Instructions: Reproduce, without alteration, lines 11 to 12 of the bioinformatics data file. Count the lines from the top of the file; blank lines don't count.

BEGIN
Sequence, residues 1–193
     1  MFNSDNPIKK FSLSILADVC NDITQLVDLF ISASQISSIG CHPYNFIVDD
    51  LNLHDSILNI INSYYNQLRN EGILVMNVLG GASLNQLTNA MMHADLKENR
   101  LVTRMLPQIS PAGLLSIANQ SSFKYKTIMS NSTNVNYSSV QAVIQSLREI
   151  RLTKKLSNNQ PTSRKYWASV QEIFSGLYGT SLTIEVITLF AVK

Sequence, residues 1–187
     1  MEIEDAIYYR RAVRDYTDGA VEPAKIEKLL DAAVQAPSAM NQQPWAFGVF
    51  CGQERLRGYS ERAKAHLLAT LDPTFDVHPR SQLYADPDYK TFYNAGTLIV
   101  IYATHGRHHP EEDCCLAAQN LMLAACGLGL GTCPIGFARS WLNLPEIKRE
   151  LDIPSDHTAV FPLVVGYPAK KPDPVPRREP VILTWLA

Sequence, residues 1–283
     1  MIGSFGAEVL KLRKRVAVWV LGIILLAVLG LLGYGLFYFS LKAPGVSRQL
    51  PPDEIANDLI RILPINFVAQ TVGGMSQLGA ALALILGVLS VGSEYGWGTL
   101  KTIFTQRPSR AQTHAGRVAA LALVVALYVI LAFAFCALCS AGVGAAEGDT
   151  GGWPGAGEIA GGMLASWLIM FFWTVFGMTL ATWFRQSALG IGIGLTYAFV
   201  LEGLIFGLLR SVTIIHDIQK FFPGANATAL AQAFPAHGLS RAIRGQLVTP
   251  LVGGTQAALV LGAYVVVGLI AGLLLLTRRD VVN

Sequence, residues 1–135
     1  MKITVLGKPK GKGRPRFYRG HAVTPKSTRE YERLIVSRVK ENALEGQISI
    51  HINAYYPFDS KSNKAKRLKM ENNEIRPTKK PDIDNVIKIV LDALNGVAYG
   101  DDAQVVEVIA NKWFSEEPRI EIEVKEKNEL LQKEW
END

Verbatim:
Sequence, residues 1–283
     1  MIGSFGAEVL KLRKRVAVWV LGIILLAVLG LLGYGLFYFS LKAPGVSRQL